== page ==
Captain Kermit Travers has had a far-reaching impact on life along the Eastern Shore of Maryland and throughout the Chesapeake region as a notable African American waterman and skipjack captain. Working with community scholars, Captain Travers co-created a rich photographic essay book about his personal history, titled Captain Kermit Travers, Skipjack Captain: Last but Not Least…
Skipjacks became the state boat of Maryland in 1985 as a way to recognize what are considered the last working sail boats in the nation. Though named for many of the finfish caught in the Chesapeake Bay—for example, skipjack herring and skipjack mackerel—these boats are perhaps most commonly associated with dredging oysters. The oyster industry was of utmost importance in the development of many Chesapeake Bay communities, and skipjacks once dotted the seascape of the Eastern Shore. During the Jim Crow era, and even into the present, it was and is unusual for persons of color to hold high-ranking positions on workboats. Nevertheless, African American communities contributed significantly to the development and maintenance of the way of life associated with skipjacks and the oyster industry.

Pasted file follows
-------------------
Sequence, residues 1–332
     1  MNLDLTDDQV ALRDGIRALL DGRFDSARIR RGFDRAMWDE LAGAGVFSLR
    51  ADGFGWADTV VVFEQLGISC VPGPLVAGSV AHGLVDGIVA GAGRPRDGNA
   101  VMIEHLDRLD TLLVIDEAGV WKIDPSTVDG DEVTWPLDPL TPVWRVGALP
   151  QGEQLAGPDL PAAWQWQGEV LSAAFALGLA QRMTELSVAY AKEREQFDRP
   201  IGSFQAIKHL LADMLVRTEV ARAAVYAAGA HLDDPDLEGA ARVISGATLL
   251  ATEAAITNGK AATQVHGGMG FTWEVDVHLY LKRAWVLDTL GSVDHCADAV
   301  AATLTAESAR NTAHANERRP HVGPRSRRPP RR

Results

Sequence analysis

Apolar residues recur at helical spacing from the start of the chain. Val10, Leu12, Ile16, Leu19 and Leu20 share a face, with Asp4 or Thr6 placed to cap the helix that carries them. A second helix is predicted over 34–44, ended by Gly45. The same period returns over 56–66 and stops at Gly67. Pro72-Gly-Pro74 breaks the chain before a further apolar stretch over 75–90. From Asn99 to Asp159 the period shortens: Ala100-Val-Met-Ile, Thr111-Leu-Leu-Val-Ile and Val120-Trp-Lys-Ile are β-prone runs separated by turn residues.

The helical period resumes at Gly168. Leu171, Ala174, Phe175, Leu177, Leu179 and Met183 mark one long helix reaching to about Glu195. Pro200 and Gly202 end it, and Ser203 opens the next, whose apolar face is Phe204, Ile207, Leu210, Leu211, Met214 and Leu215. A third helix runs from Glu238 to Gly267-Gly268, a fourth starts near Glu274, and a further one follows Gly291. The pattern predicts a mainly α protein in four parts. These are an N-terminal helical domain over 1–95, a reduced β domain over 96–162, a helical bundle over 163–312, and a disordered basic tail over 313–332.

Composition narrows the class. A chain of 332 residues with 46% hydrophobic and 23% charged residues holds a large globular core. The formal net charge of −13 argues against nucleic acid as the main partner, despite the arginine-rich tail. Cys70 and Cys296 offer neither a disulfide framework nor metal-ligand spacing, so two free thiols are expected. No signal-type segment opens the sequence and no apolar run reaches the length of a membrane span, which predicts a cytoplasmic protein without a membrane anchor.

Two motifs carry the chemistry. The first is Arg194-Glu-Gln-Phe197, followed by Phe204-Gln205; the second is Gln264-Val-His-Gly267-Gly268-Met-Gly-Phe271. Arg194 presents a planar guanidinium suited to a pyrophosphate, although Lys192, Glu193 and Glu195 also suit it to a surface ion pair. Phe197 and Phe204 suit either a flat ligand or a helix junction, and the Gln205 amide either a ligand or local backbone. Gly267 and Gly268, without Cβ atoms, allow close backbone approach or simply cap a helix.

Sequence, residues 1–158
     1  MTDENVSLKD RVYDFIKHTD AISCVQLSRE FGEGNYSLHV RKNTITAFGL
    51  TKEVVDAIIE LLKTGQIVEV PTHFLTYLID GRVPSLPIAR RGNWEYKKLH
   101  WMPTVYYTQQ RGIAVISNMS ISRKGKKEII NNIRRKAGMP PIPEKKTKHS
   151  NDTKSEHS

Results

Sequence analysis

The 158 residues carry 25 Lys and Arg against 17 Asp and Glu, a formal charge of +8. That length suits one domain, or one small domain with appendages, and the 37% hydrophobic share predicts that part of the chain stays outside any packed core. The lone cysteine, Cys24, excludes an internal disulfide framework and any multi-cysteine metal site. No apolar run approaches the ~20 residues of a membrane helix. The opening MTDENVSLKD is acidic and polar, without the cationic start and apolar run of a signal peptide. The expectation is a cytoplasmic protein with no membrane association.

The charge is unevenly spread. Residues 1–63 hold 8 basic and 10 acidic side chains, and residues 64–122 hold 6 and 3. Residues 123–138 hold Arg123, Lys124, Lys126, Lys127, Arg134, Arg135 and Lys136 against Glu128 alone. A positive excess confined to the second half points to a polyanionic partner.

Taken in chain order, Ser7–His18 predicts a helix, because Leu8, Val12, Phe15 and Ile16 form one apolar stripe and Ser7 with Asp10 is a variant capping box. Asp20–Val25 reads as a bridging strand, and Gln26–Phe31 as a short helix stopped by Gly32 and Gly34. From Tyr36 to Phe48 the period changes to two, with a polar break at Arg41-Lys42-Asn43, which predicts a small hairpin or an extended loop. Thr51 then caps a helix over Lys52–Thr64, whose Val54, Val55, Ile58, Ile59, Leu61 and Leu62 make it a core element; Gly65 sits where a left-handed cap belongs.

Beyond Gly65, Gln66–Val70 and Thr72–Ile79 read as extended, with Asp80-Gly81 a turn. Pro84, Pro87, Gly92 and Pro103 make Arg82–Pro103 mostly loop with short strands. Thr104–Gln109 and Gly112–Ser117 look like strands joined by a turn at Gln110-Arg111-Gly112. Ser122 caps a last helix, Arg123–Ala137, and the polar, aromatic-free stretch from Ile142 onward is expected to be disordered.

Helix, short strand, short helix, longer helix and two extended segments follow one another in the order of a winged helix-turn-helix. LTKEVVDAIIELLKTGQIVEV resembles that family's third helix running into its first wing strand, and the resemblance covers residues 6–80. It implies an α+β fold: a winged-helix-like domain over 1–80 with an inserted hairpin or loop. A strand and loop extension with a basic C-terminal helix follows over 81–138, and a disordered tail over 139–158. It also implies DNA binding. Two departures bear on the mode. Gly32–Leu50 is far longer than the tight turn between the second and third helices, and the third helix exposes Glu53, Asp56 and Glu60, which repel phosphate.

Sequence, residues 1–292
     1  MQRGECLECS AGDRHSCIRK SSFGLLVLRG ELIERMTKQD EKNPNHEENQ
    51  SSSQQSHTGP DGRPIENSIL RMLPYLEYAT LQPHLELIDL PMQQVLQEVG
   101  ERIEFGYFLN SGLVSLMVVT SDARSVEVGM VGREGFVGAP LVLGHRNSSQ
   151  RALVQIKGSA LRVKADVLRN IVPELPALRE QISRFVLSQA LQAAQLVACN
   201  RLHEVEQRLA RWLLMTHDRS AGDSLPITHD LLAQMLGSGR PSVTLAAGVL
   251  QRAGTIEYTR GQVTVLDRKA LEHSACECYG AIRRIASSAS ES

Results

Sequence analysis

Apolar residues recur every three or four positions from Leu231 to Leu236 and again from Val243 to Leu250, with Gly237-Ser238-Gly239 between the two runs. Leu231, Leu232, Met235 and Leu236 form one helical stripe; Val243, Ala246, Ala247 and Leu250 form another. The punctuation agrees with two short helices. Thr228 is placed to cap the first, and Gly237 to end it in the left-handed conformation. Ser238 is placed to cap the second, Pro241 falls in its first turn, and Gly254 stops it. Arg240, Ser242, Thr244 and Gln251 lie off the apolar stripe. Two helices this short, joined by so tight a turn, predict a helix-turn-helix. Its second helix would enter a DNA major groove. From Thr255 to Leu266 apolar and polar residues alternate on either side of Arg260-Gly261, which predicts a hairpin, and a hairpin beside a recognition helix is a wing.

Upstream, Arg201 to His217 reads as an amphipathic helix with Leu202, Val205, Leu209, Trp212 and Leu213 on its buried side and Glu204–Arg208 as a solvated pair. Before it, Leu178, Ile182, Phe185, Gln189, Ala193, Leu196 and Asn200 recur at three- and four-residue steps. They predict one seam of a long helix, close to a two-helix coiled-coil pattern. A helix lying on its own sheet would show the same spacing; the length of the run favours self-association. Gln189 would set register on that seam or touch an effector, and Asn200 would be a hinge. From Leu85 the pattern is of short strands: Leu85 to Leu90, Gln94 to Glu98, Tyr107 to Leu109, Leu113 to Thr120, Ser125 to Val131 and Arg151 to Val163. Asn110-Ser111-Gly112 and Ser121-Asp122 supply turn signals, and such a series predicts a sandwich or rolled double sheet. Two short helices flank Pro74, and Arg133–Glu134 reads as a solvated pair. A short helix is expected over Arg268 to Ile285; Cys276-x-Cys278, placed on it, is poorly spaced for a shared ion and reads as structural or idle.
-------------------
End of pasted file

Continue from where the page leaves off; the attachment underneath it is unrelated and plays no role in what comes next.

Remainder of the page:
Captain Travers, quite possibly the last of the Chesapeake’s black skipjack captains, possesses vast knowledge of skipjacks and maritime work. Now in his early 80s, he is a remarkable waterman; he also represents and shares stories of unsung people who built the Eastern Shore through the oyster industry, on fleets of skipjacks. In 2015, the Maryland State Arts Council recognized him with a Maryland Traditions ALTA (Achievement in Living Traditions and Arts) Award.